What unites us Koreans, is our lack of a collective identity. Within this environment of loss and sadness that painted the post-war generations, it’s no wonder Korean children are often reared to be overachievers. The epitome of success for many Korean-immigrant parents meant raising a child to become a doctor or a lawyer. A position of influence, power, and reverence to attenuate the ever-present chip on our Korean shoulders.



Heesoo acknowledged how a position in the healthcare industry always held high esteem in his family.  Growing up, his parents worked long hours. It was the perfect setting for a quick download on drug culture with his Canadian friends. There was no “drug conversation” at home. Drugs were so taboo that it never crossed his parents’ mind that Heesoo would eagerly experiment (he candidly described his younger self as a maniac.)  Heesoo’s parents thought he was studying to become a doctor. The fallacy of the good Korean kid strikes again. Little did they realize that he would do exactly that, but in the most psychedelic way possible by co-founding Sabi Mind.

Sabi is a “client-centered organization supporting those discouraged by conventional medical models, or who seek new ways of healing with safe, evidence-based, and accessible ketamine-assisted therapies.” Minute details, from the lighting, the color scheme, to the ambient temperature were approached with a patient-centric mind. The patient takes center stage as an honored guest.


“The power dynamic in the space of healthcare is not the best place to start when you want to promote healing in an approachable manner.   We don’t do the healing, we support the individual”


I could sense a feeling of reverence and humility while Heesoo spoke about his work. A recognition of the individual to heal within their imperfection is the hope Heesoo wants to provide through his work, much like the Japanese wabi-sabi philosophy to embrace beauty in the imperfect.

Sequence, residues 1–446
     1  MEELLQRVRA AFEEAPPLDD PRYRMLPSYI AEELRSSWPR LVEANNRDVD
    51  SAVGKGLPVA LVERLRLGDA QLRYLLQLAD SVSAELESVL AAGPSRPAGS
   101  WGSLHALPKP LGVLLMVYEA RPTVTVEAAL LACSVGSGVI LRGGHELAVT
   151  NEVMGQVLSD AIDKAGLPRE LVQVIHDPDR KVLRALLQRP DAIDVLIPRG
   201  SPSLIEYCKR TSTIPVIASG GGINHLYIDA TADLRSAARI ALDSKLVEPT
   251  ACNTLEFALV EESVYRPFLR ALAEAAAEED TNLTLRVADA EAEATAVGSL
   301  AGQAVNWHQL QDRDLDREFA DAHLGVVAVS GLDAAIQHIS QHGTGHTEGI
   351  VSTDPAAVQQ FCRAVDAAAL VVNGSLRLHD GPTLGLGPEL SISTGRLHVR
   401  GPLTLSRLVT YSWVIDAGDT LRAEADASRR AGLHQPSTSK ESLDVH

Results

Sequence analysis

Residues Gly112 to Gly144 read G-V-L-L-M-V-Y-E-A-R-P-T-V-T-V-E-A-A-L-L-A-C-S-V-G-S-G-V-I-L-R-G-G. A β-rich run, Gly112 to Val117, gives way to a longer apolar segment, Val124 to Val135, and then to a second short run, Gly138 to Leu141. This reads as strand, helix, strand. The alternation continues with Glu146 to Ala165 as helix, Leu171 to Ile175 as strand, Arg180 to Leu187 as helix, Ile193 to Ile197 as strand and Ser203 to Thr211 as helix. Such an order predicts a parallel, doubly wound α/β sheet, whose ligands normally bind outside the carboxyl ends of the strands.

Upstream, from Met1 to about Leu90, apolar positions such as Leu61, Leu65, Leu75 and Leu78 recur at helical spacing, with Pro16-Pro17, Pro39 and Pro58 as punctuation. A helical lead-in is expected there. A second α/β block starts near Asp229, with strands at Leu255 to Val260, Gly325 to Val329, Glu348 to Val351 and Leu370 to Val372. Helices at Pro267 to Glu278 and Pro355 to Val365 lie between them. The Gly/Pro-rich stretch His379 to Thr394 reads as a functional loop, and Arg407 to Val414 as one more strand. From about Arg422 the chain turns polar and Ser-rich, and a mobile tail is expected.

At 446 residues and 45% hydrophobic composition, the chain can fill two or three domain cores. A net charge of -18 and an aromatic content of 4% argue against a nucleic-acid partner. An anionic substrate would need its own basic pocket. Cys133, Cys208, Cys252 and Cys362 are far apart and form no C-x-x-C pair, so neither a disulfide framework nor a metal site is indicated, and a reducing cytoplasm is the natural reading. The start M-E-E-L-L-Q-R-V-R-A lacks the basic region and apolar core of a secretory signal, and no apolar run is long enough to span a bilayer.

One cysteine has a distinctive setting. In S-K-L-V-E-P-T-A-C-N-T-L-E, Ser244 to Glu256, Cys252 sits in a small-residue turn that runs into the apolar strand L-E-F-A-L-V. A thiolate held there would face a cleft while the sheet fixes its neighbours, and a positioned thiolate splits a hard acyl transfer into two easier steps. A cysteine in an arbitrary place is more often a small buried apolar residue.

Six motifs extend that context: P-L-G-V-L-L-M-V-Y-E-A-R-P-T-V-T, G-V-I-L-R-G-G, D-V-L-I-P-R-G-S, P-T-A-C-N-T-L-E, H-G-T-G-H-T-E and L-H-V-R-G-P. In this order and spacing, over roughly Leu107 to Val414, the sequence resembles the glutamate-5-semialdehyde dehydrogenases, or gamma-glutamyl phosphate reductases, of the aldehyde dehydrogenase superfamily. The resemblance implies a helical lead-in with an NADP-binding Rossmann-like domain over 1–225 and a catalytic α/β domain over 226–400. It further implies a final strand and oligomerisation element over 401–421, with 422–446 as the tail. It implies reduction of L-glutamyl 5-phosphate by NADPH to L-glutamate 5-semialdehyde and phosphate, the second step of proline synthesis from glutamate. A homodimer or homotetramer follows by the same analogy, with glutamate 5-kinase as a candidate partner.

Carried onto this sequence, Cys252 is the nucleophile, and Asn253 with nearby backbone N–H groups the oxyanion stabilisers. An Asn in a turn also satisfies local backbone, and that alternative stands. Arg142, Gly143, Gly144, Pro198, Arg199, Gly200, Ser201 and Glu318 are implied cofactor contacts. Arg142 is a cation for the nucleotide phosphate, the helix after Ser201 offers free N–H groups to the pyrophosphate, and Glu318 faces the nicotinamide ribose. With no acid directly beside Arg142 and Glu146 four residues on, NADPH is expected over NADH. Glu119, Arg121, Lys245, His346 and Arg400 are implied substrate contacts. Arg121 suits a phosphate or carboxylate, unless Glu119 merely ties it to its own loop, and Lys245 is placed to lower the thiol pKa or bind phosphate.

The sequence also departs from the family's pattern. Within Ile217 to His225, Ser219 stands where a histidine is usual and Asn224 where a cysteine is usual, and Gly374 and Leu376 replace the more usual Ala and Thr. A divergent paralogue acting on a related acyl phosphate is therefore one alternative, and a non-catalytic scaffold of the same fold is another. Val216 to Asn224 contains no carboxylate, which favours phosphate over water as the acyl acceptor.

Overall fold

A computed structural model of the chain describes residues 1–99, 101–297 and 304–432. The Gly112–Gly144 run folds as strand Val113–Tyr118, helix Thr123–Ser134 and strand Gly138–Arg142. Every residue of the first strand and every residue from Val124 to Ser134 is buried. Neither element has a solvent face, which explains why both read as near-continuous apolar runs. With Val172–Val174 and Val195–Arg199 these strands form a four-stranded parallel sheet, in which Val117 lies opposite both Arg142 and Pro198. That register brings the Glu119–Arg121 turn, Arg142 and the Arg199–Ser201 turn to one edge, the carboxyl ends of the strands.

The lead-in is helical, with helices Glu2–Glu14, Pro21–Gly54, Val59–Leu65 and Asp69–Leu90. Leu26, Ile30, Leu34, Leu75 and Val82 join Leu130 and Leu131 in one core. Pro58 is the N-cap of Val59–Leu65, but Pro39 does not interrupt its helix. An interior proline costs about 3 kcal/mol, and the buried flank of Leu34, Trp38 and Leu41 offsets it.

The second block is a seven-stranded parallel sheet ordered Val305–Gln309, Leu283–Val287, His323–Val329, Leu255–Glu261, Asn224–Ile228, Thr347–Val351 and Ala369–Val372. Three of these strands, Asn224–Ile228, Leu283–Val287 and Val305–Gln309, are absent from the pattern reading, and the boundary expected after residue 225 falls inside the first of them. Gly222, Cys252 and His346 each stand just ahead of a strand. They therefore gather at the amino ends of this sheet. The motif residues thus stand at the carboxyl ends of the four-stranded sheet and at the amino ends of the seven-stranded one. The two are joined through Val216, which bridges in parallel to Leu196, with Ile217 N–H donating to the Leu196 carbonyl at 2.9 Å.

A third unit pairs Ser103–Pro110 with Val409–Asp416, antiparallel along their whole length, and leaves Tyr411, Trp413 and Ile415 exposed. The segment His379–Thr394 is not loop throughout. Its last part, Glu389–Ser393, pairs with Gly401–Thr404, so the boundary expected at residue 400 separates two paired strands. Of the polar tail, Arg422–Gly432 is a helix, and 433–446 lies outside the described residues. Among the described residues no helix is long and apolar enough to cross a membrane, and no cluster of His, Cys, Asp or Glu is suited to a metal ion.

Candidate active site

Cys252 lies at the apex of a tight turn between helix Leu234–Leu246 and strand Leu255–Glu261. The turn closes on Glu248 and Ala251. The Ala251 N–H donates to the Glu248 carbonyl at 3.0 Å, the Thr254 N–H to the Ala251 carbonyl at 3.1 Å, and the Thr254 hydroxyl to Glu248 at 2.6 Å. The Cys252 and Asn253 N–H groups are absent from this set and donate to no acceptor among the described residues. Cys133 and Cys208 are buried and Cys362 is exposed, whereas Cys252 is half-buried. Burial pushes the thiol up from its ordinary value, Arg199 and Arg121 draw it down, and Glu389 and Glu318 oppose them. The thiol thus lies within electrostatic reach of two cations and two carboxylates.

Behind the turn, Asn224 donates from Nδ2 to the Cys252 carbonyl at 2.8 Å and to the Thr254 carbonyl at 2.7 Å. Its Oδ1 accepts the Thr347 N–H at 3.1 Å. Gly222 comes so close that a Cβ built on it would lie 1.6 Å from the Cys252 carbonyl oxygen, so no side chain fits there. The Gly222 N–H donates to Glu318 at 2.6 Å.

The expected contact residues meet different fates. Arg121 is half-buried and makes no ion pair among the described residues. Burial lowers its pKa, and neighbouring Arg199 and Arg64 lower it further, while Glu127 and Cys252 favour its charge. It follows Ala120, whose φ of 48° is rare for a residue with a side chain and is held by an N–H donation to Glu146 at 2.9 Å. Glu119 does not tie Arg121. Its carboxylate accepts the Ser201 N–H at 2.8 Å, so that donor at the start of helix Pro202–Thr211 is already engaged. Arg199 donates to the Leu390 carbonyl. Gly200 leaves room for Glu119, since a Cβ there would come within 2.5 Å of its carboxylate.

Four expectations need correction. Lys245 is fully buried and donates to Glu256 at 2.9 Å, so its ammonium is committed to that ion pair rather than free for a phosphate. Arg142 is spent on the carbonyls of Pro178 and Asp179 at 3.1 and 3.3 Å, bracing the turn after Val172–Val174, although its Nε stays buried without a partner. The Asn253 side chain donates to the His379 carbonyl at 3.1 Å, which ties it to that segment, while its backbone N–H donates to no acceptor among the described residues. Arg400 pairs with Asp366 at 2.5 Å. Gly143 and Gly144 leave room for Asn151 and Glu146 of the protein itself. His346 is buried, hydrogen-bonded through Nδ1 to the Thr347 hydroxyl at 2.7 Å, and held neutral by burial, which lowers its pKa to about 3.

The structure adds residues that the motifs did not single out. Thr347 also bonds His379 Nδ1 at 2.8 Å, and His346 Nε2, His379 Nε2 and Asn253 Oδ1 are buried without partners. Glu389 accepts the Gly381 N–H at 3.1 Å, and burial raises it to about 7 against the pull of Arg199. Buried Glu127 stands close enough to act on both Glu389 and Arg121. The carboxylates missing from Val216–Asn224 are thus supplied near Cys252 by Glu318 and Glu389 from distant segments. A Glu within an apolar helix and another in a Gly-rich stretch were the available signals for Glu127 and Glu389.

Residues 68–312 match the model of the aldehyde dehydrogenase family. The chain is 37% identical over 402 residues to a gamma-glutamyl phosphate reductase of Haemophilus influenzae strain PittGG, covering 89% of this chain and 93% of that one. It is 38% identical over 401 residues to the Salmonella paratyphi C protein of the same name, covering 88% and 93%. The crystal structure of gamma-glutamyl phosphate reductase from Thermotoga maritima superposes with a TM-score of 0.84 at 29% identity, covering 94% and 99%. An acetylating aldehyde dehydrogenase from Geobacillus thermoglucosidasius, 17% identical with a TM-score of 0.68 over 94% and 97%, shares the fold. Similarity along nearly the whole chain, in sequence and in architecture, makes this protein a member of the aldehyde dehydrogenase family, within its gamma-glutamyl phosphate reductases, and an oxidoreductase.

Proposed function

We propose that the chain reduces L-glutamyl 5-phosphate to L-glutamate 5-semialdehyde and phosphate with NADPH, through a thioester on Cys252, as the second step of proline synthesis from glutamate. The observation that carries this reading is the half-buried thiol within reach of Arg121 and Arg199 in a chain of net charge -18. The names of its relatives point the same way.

I asked about his parents’ reception regarding his foray into psychedelic territory. Semantics aside, Heesoo pointed out a greater barrier than language itself when communicating with his parents born of war and Han. There is an acknowledgment barrier towards mental health from their generation to ours.


“Staring down the face of famine, mental health implications are difficult to grasp…

Whereas in our generation, our traumas aren’t front facing.”


Although there is a generation that may not openly acknowledge mental health issues, there are those who see beyond Han to a way to healing. Vice featured Kim Ki-Ho, one of the creators of a “fake funeral” or “death meditation” service offered in Korea.  Participants experience their own funeral and the ceremony culminates with the participant’s burial in a wooden coffin. Whatever experience participants were seeking, one common thread was their ego death.  Interestingly enough, this “fake funeral” ceremony reminded me of my own psychedelic experience. If there is an appetite for ego death for Koreans, perhaps psychedelics may offer exactly that.  The death of Han and perhaps, the death of the stigma on mental health.


One can only hope that psychedelics will become a safe and uncontroversial treatment for mental health, as well as for those who want a deeper exploration of their own psyche.  This is the future Heesoo strives for as he continues to work within his community on education and creating ways to make Ketamine-assisted therapy more accessible.

Yes, for now these treatments are expensive. But the cost of being silent on mental health is something Heesoo understands too well. It’s the same reason why Paddy Pimblett took a moment to speak up about suicide on national television after his UFC win, and the same reason why Heesoo created Sabi Mind — to turn their personal tragedy into hope for the world.


Interested in more like this? Check out Plant Medicine Changed My Life: Overcoming Stigmas & Cultural Barriers